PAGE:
“Any one claiming that 8-4-4 graduates are unemployable is ignorant,” Prof Kaimenyi said. “Have you heard of Greece and those other European countries with their unbearably higher statistics of unemployment?”
On teaching subjects like Physics in local languages, Prof Kaimenyi said, “Do you have enough resources to do it?” Dr Garnette Oluoch-Olunya had touched on the same issue in her presentation: “How many languages can be accommodated in education in a multi-cultural, very mixed society, like Kenya?”
On equipping students with technical skills, Prof Kaimenyi said, “Have you never heard of the Technical Vocational Training Authority, TEVOTA?”
But why would a person of the status of Minister for Education go on the defensive instead of listening to stakeholders and negotiating with them on how to make things better for everyone, including himself? Is Kenya’s education system without any flaw? Really? Then why does Tom Odhiambo, a senior lecturer at the University of Nairobi assert, “I hold the view that the education system in Kenya today is in crisis, and that it is not imparting relevant and adequate skills to students”? Why does performance scholar Salome Mshai Mwangola argue that “We need to be wary of the tendency to consider our education system solely as a factory churning out human resources, and begin to think about how we must use it to prepare the next generation to participate fully in all aspects of life”? Why did a task force appointed by retired President Mwai Kibaki to review the 8-4-4 education system recommend that it be replaced if the system is just fine?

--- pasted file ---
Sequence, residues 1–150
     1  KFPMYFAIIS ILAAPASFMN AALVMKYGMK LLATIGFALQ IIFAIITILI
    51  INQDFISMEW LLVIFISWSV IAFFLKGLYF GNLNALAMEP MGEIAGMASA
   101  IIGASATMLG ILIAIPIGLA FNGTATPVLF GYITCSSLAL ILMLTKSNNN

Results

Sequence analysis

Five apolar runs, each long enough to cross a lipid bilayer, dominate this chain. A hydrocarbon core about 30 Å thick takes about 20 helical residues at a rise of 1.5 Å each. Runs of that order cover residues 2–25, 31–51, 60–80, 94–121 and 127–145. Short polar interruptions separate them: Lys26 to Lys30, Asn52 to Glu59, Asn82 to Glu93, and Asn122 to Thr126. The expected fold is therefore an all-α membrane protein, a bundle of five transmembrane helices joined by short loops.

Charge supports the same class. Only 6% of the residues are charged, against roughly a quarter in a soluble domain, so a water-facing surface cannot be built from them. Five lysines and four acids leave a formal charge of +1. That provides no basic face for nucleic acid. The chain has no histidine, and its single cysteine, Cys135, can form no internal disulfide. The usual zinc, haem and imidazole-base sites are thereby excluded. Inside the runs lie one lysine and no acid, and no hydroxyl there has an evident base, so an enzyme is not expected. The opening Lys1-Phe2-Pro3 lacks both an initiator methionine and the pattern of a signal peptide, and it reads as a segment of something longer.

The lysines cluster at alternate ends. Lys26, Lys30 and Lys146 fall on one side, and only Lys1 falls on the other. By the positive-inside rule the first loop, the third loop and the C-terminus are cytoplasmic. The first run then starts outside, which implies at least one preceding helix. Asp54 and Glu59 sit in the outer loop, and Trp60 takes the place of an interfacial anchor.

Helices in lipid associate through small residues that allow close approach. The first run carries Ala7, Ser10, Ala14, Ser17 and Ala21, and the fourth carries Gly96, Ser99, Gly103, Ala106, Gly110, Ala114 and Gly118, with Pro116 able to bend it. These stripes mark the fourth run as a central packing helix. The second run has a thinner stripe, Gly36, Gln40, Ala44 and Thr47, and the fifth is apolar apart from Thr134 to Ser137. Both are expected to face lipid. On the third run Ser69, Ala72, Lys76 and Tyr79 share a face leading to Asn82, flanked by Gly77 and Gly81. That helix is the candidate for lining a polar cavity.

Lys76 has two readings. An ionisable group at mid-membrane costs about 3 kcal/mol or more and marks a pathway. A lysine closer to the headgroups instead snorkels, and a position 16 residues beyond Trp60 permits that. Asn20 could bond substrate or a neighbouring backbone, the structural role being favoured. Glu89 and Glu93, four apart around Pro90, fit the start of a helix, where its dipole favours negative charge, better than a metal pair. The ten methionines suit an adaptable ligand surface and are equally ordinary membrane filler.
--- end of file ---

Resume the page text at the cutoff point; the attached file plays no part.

Saying that “The Kenya Constitution 2010 may be a good starting point for…preliminary reflections on how to re-orient the education system in Kenya,” Odhiambo poses six questions that he contends would inform “attempts to resolve the crisis in the education sector in Kenya”:
• What are the Constitutional provisions on the education of the child in Kenya today?
• What are the socio-cultural expectations parents and society have of the education system?
• What economic expectations do parents and society have of the education system?
• What are the expectations of the providers of education?
• How do we tap into knowledge structures, traditions and practices of the diverse cultures in Kenya to enhance the value of our education system?, and
• How do we prepare school leavers for the Global Village where the understanding and use of ICT skills undergird all careers and upward mobility?
But the Incorporating Oral Culture in Education for Development book isn’t about igniting any controversy. It merely suggests ways of integrating orality and Information Communications Technology in the education system in order to come up with an efficacious system that would equip learners with pertinent skills for taking the country to the next level of holistic development.